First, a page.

almost 9 years ago
Foo20151013 2023 1u6up6r?1444774235
4
137

Keep on Truckin’

Shattered. Third consecutive day of on-calls at the birth centre. I’m afraid I have little to show for it. The logbook hangs limply at my side, the pages where my name is printed await signatures; surrogate markers of new found skills. Half asleep I slump against the wall and cast my mind back to the peripheral attachment from which I have not long returned. The old-school consultant’s mutterings are still fresh: “Medical education was different back then you see....you are dealt a tough hand nowadays.” I quite agree, it is Saturday. Might it be said the clinical apprenticeship we know today is a shadow of its former self? Medical school was more a way of life, students lived in the hospital, they even had their laundry done for them. Incredulous, I could scarcely restrain a chuckle at the consultant’s stories of delivering babies while merely a student and how the dishing out of “character building” grillings by their seniors was de rigeur. Seldom am I plied with any such questions. Teaching is a rare commodity at times. Hours on a busy ward can bear little return. Frequently do I hear students barely a rotation into their clinical years, bemoan a woeful lack of attention. All recollection of the starry-eyed second year, romanced by anything remotely clinical, has evaporated like the morning dew. “Make way, make way!...” cries a thin voice from the far reaches of the centre. A squeal of bed wheels. The newly crowned obs & gynae reg drives past the midwife station executing an impressive Tokyo drift into the corridor where I stand. Through the theatre doors opposite me he vanishes. I follow. Major postpartum haemorrhage. A bevy of scrubs flit across the room in a live performance of the RCOG guidelines for obstetric haemorrhage. They resuscitate the women on the table, her clammy body flat across the carmine blotched sheets. ABC, intravenous access and a rapid two litres of Hartmann’s later, the bleeding can not be arrested by rubbing up contraction. Pharmacological measures: syntocinon and ergometrine preparations do not staunch the flow. Blood pressure still falling, I watch the consciousness slowly ebb from the woman’s eyes. Then in a tone of voice, seemingly beyond his years, the reversely gowned anaesthetist clocks my badge and says, “Fetch me the carboprost.” I could feel an exercise in futility sprout as I gave an empty but ingratiating nod. “It’s hemabate....in the fridge” he continues. In the anaesthetic room I find the fridge and rummage blindly through. Thirty seconds later having discovered nothing but my general inadequacy, I crawl back into theatre. I was as good as useless though to my surprise the anaesthetist disappeared and returned with a vial. Handing me both it and a prepped syringe, he instructs me to inject intramuscularly into the woman’s thigh. The most common cause of postpartum haemorrhage is uterine atony. Prostaglandin analogues like carboprost promote coordinated contractions of the body of the pregnant uterus. Constriction of the vessels by myometrial fibres within the uterine walls achieves postpartum haemostasis. This textbook definition does not quite echo my thoughts as I gingerly approach the operating table. Alarmingly I am unaware that aside from the usual side effects of the drug in my syringe; the nausea and vomiting, should the needle stray into a nearby vessel and its contents escape into the circulation, cardiovascular collapse might be the unfortunate result. Suddenly the anaesthetist’s dour expression as I inject now assumes some meaning. What a relief to see the woman’s vitals begin to stabilise. As we wheel her into the recovery bay, the anaesthetist unleashes an onslaught of questions. Keen to redeem some lost pride, I can to varying degrees, resurrect long buried preclinical knowledge: basic pharmacology, transfusion-related complications, the importance of fresh frozen plasma. Although, the final threat of drawing the clotting cascade from memory is a challenge too far. Before long I am already being demonstrated the techniques of regional analgesia, why you should always aspirate before injecting lidocaine and thrust headlong into managing the most common adverse effects of epidurals. To have thought I had been ready to retire home early on this Saturday morning had serendipity not played its part. A little persistence would have been just as effective. It’s the quality so easily overlooked in these apparently austere times of medical education. And not a single logbook signature gained. Oh the shame! This blog post is a reproduction of an article published in the Medical Student Newspaper, February 2014 issue.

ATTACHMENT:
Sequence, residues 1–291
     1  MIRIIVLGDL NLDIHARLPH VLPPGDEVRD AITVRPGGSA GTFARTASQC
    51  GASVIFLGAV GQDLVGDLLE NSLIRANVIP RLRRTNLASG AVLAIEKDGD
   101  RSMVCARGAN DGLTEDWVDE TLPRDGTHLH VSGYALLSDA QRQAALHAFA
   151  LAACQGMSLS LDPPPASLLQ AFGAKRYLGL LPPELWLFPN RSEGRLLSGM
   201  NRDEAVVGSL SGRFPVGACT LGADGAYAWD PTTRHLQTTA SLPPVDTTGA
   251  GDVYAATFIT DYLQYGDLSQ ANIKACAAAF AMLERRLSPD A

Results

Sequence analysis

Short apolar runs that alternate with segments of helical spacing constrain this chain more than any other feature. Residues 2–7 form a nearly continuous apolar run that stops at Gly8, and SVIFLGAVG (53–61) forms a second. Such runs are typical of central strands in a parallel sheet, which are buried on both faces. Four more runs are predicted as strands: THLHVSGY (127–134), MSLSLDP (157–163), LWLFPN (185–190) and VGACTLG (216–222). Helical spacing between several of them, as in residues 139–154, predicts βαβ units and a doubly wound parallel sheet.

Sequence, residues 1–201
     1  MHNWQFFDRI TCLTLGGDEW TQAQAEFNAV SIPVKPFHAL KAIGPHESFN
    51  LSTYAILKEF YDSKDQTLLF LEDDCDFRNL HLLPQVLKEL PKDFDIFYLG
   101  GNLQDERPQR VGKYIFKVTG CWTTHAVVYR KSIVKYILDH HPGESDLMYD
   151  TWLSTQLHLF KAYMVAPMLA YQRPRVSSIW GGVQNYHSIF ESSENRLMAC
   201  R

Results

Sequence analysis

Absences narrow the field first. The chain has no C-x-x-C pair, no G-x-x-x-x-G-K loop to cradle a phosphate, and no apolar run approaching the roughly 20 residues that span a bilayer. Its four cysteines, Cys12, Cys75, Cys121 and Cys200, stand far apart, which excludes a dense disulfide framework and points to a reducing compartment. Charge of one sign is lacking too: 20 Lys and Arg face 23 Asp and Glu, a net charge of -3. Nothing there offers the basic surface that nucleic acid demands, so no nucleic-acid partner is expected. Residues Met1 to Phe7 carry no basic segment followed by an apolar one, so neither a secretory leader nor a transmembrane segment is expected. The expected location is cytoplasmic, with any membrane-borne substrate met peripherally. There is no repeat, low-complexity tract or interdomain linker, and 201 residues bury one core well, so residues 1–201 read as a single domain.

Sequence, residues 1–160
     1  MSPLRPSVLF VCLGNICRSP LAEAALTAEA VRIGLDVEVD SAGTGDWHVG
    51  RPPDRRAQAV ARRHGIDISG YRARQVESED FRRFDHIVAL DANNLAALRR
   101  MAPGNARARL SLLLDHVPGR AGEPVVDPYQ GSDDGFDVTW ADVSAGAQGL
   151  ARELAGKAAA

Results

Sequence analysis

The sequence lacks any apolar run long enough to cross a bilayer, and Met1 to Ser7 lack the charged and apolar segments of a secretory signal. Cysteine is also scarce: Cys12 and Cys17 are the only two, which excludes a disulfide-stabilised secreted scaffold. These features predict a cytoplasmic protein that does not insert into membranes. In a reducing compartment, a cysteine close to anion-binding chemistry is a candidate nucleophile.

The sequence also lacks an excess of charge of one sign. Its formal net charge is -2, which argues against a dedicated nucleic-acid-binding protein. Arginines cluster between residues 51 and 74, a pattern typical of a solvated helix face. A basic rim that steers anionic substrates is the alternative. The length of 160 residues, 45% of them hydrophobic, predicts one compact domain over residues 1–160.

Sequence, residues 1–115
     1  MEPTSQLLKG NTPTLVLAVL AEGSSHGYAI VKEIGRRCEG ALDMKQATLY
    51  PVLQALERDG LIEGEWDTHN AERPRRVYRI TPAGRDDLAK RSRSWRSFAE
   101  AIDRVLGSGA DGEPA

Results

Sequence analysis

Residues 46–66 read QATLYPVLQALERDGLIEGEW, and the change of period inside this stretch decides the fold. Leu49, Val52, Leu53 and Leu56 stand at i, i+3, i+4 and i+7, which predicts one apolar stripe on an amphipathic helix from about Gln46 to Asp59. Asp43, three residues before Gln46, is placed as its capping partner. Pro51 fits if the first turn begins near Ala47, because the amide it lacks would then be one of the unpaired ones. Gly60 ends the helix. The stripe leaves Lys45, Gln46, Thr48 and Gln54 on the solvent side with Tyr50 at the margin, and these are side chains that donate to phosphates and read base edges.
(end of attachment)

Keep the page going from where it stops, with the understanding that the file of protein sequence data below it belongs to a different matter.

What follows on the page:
James Wong
almost 8 years ago
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4
295

2nd Trimester Scanning Guide

A guide to confirming dating of pregnancy, fetal normality/abnormality, placental localisation and AF volume.  
slideshare.net
over 6 years ago